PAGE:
Topaz Video AI Quick Start Guide v3.0
Welcome to Topaz Video AI
This article will guide you through your first experience with Topaz Video AI, starting with an overview of why we created this major update, how to set yourself up for success, and walk you through your first time previewing and processing an individual video and a batch of video files.
Table of Contents
- What is Topaz Video AI and What Happened to Video Enhance AI?
- Topaz Video AI Preferences Menu
- Upscaling and Enhancing an Individual Video File
- Selecting Presets
- Scrubbing Timeline
- View Modes
- Previewing with an External Media Player
- Navigating Between Previews and Exports
- Batch Process; Upscaling, Enhancing, and Reencoding
What is Topaz Video AI and What Happened to Video Enhance AI?
If you have been a long-time customer of Topaz Labs, you may be surprised by the number of changes to the app's user interface (UI) and functionality and you may be asking yourself, "why the big change and why now?" If so, before diving into Topaz Video AI, take a moment to review the "Why" behind this major update.
Understanding the In-App Preferences Menu
Before we get started with enhancing and upscaling your video projects, you will want to make sure that the in-app preferences are set up for optimal performance. Take a moment to familiarize yourself with Topaz Video AI's Preference menu.
Upscaling and Enhancing an Individual Video File
Let's start enhancing and upscaling an individual video file using a popular Preset option.
To get started simply drag and drop the video or image sequence file(s) you wish to work with directly into the app or select the " Browse," option.
If you would like to add additional videos at any point, you can drag and drop the files onto the app's interface or you can click on the "+" icon.
Choose from one of our Presets or select the appropriate parameters for your file. For this guide, we will be using the Upscale to 4k preset. Clicking on the drop-down arrow will reveal the list of Presets that come ready for you to use.
Right away you will notice that the right-hand side of the app's interface has changed. Under the Video Out menu option, we can see the output size of our file will be 3840 x 2160 and the Enhancement filter has been activated with the Proteus model selected.
When a filter is activated, the area will turn from black to dark gray.
Scrubbing the Timeline
You can move the play head to a specific point in your video file by dragging the play head or by manually entering a specific timestamp into the box below the timeline.
In order to see what the output file will look like, we will want to select the Preview option to render a short segment of the file. You can change the length of the Preview, however, the longer the Preview, the longer the wait time will be since this is processing a segment of your file.
For our purposes, I have selected a two-second Preview.
You will see that the model is downloaded, loaded, and then the model initializes and finally renders. You will see an estimate of how long the preview will take.
You will know that the Preview has been rendered and is ready for playback once you see the green check mark to the right of the time that the Preview took to generate.
There are three view modes for the Preview/ Export portion of this app.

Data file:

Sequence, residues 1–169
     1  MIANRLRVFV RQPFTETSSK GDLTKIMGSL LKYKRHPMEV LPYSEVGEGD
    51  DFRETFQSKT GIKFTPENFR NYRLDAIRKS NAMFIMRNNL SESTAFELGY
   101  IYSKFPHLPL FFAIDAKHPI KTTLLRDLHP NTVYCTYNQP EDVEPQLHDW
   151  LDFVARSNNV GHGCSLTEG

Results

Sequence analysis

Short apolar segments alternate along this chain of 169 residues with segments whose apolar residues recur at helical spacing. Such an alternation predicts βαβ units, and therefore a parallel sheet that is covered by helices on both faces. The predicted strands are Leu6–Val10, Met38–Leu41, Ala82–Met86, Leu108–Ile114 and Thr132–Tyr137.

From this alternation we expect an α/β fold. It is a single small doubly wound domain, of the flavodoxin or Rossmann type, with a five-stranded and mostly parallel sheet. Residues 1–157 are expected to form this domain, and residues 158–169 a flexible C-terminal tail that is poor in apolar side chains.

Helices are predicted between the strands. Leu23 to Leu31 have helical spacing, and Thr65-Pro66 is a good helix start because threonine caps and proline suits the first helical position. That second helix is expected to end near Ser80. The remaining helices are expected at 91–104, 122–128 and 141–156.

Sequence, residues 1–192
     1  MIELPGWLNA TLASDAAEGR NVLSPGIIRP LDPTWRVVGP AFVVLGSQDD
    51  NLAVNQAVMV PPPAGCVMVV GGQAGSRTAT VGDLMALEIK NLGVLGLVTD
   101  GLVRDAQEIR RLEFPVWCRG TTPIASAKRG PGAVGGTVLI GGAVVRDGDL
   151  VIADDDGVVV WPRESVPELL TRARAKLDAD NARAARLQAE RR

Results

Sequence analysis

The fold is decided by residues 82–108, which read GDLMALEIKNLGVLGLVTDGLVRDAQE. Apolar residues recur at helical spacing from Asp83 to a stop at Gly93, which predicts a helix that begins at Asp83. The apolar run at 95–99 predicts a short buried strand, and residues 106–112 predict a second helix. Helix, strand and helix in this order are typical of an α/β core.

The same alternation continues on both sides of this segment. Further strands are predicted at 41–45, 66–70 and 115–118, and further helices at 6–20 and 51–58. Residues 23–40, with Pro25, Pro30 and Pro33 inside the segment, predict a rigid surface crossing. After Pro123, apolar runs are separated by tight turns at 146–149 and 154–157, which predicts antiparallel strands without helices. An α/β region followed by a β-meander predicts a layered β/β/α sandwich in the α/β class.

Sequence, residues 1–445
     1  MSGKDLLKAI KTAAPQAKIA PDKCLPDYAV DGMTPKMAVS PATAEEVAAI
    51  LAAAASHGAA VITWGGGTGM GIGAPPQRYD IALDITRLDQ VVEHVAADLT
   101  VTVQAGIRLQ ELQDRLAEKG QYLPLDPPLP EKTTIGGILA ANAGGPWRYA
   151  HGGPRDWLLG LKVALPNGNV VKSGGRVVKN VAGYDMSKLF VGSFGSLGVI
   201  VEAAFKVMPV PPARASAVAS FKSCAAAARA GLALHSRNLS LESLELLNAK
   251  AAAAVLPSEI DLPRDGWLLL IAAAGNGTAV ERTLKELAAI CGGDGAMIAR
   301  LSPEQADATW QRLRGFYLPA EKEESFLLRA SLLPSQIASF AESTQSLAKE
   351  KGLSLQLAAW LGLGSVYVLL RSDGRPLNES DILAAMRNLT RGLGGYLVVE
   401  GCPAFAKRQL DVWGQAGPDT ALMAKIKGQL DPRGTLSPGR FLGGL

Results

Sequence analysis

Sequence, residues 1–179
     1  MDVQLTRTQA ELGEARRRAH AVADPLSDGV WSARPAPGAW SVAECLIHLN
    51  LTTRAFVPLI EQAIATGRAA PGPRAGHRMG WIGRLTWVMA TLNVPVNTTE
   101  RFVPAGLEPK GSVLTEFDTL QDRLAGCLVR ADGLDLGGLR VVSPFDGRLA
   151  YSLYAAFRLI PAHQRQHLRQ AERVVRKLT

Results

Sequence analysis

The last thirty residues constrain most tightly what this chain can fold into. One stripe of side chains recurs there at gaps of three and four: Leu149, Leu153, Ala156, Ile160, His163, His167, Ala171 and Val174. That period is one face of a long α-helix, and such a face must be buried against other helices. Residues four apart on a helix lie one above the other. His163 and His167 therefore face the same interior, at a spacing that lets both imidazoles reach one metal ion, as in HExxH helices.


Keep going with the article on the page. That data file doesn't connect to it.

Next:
The first option will show a full-screen preview, the second will show a side-by-side preview comparing the input and the output file, and the final option will allow you to use a slider to reveal the output file by moving the slider to the left or to the right.
Zooming In to Examine the Results
You can zoom into the video to really see the difference between the two files by sliding the zoom bar to the right, manually entering in a zoom percentage, or choosing Fit, 100%, or 200%.
Previewing with an External Media Player
You can also watch the Preview on the media player of your choice by clicking on the triple dot icon and selecting Open in External Player.
Exporting a File
Once you are happy with the intended output, you will select the Export button. A quick note about this button; if you select the dropdown carrot you can choose from Export, which will save the file to the input files location or you can select Export As to alter the location of the saved file. For this example, I will choose Export As.
Navigating Between Previews and Exports
Now, you will see a rendered Preview and an Output file that is currently rendering.
These are differentiated with an " E" for Export and a "P" for Preview. You can also change the view from "All Outputs," to only viewing the "Export" queue.
To Batch process, on Mac ( command + click), on Windows right-click and select the files you wish to work with. The files that are selected will appear brighter than the files that are not.
Next, select the filters you want to activate. For this example we will upscale to HD, using the Artemis High-Quality Model, with ProRes 422 HQ as the encoder.
First, select HD from the Out menu option to set the batch up to be upscaled. Next, turn on the Enhance Filter and select Artemis from the first drop-down menu and then choose the quality that corresponds to the batch, here I selected High Quality.
At the bottom of the Filters menu, you will want to select the Encoder you wish to use, for this example, I have chosen ProRes 422 HQ.
Next to the Preview, you will see the number of video files that have been selected. I will start off by selecting Preview and generating 6 individual previews before choosing Export.
If you are curious to know which filter is being applied in what order, check out this article.
Looking for instructions for using the Command Line Interface?